On Oct. 29, 2011, the December-September 2012 0.38% strike spread was $50 ($212.50 – $162.50), an increase of $37.50 in 11 days with 325 days remaining to expiration for the September 2012 options. The rapid increase shows that spread variations may be substantial. A trader should be prepared to take profits early. Fast turnover with moderate gains may be the best strategy.
Caution is necessary near the expiration date because of gamma risk — the increased sensitivity of at-the-money options to changes in the underlying, which can reduce or eliminate the premium spread between the longer- and shorter-term options. For this reason, it is best to close out the calendar spread several weeks before the expiration date.
In addition to calendar spreads, there are other spreads based on current relationships between Eurodollar futures and futures contracts on Treasury bonds, T-notes and interest rate swaps. As shown on "Yields and rates" (right), Eurodollar quarterly rates — like forward rates on Treasury securities — convert into annualized yields that are closely parallel to the U.S. Treasury yield curve. T-note yields and interest rate swap yields on this chart also are grouped around the Treasury yield curve.
Because interest rate futures are tied firmly to the current U.S. Treasury yield curve, they cannot produce good forecasts of future rates. Their main roles are in hedging against interest rate changes and in speculative trading. As shown earlier, options on Eurodollar futures are ideal for predicting the possible high-low spread of rates leading to the expiration date.
On "Yields and rates," the close correlation between Eurodollar yields and the yield on interest rate swaps at the five-year maturity suggests a possible spread trade — one swaps contract against two 20th quarter Eurodollar futures. The two-to-one ratio of Eurodollar futures to interest rate swaps is based on the comparative price changes for a one-basis-point change in the interest rate. On Oct. 21, 2011, at a price of 111-30.5, or $111,953, the price change for a one-basis-point increase or decrease in yield is $51. For Eurodollar futures, the same 0.01% shift in the quarterly rate produces a $25 price change.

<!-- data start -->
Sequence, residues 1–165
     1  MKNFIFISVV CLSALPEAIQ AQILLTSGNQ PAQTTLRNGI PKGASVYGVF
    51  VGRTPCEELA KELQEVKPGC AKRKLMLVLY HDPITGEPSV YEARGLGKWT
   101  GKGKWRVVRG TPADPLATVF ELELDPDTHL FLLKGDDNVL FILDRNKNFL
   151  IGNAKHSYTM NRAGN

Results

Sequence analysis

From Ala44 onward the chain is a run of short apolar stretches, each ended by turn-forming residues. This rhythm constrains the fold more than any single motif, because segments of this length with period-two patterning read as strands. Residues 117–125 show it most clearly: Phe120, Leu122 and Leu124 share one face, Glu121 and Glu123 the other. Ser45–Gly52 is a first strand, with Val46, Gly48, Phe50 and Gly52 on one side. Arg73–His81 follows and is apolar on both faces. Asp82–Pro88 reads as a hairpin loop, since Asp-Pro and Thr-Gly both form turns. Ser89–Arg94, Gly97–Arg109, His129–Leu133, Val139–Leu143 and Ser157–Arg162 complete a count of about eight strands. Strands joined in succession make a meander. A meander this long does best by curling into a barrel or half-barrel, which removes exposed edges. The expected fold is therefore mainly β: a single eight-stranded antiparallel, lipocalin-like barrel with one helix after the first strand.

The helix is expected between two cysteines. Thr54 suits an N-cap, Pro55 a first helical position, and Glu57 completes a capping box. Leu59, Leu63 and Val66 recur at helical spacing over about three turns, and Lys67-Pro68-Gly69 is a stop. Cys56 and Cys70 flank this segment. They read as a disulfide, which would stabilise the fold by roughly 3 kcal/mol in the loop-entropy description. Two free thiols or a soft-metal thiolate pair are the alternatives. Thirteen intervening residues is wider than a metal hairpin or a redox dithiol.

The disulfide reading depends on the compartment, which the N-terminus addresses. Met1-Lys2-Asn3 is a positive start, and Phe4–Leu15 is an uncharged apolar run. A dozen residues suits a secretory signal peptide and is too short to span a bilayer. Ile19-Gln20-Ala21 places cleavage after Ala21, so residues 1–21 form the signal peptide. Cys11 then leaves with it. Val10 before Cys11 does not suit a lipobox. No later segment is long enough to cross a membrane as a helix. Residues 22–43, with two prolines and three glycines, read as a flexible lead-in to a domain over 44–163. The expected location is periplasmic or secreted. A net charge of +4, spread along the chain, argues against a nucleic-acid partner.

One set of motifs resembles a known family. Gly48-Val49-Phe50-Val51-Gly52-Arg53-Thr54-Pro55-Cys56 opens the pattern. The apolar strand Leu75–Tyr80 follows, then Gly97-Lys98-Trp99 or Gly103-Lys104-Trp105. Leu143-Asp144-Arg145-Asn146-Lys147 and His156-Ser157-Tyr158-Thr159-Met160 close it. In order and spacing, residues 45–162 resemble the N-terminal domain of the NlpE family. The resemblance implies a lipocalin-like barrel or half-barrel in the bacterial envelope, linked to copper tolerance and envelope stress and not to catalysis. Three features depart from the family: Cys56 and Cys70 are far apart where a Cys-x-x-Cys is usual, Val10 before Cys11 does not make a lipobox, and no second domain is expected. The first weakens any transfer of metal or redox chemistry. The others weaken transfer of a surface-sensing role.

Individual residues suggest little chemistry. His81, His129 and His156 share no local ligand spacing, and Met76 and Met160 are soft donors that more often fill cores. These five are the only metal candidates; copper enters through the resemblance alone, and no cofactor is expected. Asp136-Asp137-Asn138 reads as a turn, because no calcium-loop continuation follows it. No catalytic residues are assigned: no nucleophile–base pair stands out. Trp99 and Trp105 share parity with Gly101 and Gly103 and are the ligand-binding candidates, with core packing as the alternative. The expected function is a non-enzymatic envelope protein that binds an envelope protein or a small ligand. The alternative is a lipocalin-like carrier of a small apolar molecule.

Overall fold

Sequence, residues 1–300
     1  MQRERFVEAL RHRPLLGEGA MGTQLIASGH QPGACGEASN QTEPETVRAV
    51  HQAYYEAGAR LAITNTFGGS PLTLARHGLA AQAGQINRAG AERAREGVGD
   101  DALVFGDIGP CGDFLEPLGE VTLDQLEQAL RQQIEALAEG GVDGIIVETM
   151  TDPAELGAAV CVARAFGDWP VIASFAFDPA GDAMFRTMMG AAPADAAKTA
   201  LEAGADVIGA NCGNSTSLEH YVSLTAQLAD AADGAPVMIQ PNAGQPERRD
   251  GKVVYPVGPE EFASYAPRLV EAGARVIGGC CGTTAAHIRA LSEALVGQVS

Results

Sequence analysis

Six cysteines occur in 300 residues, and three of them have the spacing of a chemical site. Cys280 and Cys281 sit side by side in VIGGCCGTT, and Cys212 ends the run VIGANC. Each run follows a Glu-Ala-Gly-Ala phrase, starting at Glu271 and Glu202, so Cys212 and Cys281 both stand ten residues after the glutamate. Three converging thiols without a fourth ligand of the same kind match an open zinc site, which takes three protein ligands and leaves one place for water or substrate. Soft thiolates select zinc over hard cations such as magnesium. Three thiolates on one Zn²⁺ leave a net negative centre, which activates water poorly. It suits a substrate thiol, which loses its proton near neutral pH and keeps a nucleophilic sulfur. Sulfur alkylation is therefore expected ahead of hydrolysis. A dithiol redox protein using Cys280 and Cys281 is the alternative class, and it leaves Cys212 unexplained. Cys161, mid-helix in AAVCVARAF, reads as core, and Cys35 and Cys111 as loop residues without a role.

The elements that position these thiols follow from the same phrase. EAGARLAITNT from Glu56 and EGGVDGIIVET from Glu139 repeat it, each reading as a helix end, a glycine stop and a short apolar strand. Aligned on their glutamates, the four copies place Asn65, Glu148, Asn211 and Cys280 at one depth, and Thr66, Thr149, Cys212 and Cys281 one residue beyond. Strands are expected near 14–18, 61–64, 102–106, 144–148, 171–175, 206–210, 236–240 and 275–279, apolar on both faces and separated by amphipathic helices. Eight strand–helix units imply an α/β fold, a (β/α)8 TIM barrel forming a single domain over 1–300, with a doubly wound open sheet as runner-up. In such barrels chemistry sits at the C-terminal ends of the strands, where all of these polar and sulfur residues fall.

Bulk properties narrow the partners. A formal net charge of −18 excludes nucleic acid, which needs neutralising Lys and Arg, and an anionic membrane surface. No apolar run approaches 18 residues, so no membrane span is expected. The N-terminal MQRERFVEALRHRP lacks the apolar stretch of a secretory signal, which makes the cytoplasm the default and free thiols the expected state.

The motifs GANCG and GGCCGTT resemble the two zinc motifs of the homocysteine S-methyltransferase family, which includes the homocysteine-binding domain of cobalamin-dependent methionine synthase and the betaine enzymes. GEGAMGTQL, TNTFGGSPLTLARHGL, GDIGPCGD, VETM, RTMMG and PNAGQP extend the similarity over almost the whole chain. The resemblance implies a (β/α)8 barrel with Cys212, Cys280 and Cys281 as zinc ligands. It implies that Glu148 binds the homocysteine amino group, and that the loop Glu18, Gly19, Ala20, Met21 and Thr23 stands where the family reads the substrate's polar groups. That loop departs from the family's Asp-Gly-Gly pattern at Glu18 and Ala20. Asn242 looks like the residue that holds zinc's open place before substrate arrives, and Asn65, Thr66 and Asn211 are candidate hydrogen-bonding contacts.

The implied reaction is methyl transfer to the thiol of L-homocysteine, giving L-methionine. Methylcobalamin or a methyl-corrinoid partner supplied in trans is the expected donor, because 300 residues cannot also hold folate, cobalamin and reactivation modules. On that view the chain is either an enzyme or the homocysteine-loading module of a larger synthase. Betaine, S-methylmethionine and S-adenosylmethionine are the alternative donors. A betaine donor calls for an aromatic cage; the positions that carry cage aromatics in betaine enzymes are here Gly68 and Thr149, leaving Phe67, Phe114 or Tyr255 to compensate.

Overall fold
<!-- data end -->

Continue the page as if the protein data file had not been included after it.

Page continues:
Whereas Eurodollar futures change in price because of a change in the quarterly rate, interest rate swaps futures are priced according to annualized yield. The Eurodollar-swaps spread relates to Eurodollar quarterly rates being structured so that the computed Eurodollar annualized yields are close to the U.S. Treasury yields. At the same time, they are adjacent to the yields on T-note futures and swaps futures at the same maturities. For example, at the five-year maturity the Eurodollar yield on Oct. 21 is 1.52% and the swaps yield is 1.51%.
The final key to the Eurodollar-swaps spread trade is the ratio of Eurodollar rates to yields. On "Eurodollar rate-to-yield" (below), the ratio at 20 quarters is approximately two-to-one. The current height of the curve is caused by relatively low market rates of interest. When rates increase with an economic recovery or inflation, the rate-to-yield curve will fall. Because Eurodollar rates at the five-year maturity will decline while the yield on interest rate swaps is more stable near the Treasury yield curve, a spread that holds long Eurodollar futures against short swaps futures should gain because of the drop in rate-to-yield.
The large trading volume and completely organized pricing structure for interest rate futures should make it possible to create the suggested calendar spreads, Eurodollar-swaps spreads and interest rate forecasts in any interest rate and yield environment.
Paul Cretien is an investment analyst and financial case writer. His e-mail is PaulDCretien@aol.com.